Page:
Written By: Ben Cosgrove

Shirley Temple Black—known to millions as simply Shirley Temple, who acted in scores of movies and was arguably the greatest child movie star of all time—was a constant presence on the silver screen during the Great Depression, lighting up movies like Stand Up and Cheer! and Bright Eyes with her singing, dancing and her sharp (but never cloying) wit. She retired from the movies when she was just 21, in 1950, and continued with her remarkable life, shifting into the world of international politics. She held a number of diplomatic posts during her lifetime, including U.S. ambassador to Czechoslovakia during that country’s convulsive years in the late 1980s.

After her death, Temple Black’s family paid tribute to her in a statement that read, in part, “We salute her for a life of remarkable achievements as an actor, as a diplomat, and most importantly as our beloved mother, grandmother, great-grandmother, and adored wife for fifty-five years of the late and much missed Charles Alden Black.”

Liz Ronk edited this gallery for LIFE.com. Follow her on Twitter at @LizabethRonk.

Shirley Temple arrives at the 20th Century Fox studio to celebrate her eighth birthday, 1936.

Shirley Temple arrived at the 20th Century Fox studio to celebrate her eighth birthday, 1936.

Alfred Eisenstaedt The LIFE Picture Collection/Shutterstock

Shirley Temple celebrated her eighth birthday, 1936.

Shirley Temple celebrated her eighth birthday at 20th Century Fox in 1936, when, in the middle of the Great Depression, she was the biggest box office star in America.

Alfred Eisenstaedt The LIFE Picture Collection/Shutterstock

Shirley Temple celebrates her eighth birthday, 1936.

Shirley Temple celebrated her eighth birthday, 1936.

Alfred Eisenstaedt The LIFE Picture Collection/Shutterstock

Shirley Temple celebrates her eighth birthday, 1936.

Shirley Temple celebrated her eighth birthday, 1936.

Alfred Eisenstaedt The LIFE Picture Collection/Shutterstock

Shirley Temple, 1936.

Shirley Temple, 1936.

Alfred Eisenstaedt The LIFE Picture Collection/Shutterstock

Shirley Temple, 1936.

Shirley Temple, 1936.

Alfred Eisenstaedt The LIFE Picture Collection/Shutterstock

Shirley Temple taking pictures of famous sites in Washington, DC, from the window of a car, 1938.

Shirley Temple took pictures of famous sites in Washington, DC, from the window of a car, 1938.

Thomas D. McAvoy The LIFE Picture Collection/Shutterstock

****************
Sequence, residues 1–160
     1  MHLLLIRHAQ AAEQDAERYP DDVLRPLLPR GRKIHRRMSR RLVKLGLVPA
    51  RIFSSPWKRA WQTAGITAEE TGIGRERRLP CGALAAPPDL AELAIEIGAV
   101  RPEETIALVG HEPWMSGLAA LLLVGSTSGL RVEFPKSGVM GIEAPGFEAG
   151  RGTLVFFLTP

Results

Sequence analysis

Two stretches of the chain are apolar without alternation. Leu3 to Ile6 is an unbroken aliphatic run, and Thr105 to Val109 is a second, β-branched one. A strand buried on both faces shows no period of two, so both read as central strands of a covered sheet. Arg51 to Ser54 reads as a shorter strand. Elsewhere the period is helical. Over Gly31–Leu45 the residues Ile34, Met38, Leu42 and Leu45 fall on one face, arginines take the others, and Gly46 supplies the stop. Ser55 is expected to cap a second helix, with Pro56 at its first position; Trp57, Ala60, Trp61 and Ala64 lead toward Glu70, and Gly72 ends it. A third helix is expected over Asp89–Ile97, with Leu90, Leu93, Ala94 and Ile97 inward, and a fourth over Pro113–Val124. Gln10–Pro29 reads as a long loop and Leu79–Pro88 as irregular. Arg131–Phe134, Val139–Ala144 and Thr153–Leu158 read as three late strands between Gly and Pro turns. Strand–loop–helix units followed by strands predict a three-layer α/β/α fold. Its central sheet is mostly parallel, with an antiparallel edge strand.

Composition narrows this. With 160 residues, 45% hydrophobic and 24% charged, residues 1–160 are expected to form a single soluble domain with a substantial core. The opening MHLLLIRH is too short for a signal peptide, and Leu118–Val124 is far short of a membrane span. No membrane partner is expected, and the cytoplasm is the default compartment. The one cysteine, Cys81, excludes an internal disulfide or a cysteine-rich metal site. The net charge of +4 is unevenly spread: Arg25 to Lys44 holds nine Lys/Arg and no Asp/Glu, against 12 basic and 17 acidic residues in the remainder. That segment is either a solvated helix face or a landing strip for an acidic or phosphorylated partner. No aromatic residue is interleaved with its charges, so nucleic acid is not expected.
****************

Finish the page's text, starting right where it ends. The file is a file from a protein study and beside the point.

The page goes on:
Shirley Temple at the Lincoln Memorial, 1938.

Shirley Temple at the Lincoln Memorial, 1938.

Thomas D. McAvoy The LIFE Picture Collection/Shutterstock

Federal Bureau of Investigation director J. Edgar Hoover shows Shirley Temple how to ride a mechanical horse, 1938.

Federal Bureau of Investigation director J. Edgar Hoover showed Shirley Temple how to ride a mechanical horse, 1938.

Thomas D. McAvoy The LIFE Picture Collection/Shutterstock

Shirley Temple leaving the White House, 1938.

Shirley Temple, photographed as she was leaving the White House, 1938.

Thomas D. McAvoy The LIFE Picture Collection/Shutterstock

Shirley Temple walking on steps of the U.S. Capitol.

Shirley Temple walked on the steps of the U.S. Capitol.

Thomas D. McAvoy The LIFE Picture Collection/Shutterstock

Shirley Temple walks down stairs at the Bel Air Country Club at her 11th birthday party, 1939.

Shirley Temple walked down stairs at the Bel Air Country Club at her 11th birthday party, 1939.

Peter Stockpole The LIFE Picture Collection/Shutterstock

Shirley Temple with Sgt. John Agar, to whom she was married from 1945-1950.

Shirley Temple with Sgt. John Agar, to whom she was married from 1945-1950.

Peter Stockpole The LIFE Picture Collection/Shutterstock

More Like This

people

The Champ, The Beatles and a Tearful Girl: The Photography of Bob Gomel

people

The ‘Queen of Soul’ in ’90’s Fashion

people

What Meets the Eye: The Photography of Co Rentmeester

people

Barack Obama at 60: His Life, His Work, His Living Legacy

people

Before She Was Catwoman: Julie Newmar in LIFE

people

Van Halen: The Dave Years, the Sammy Years, the Life, the Music, and the Joy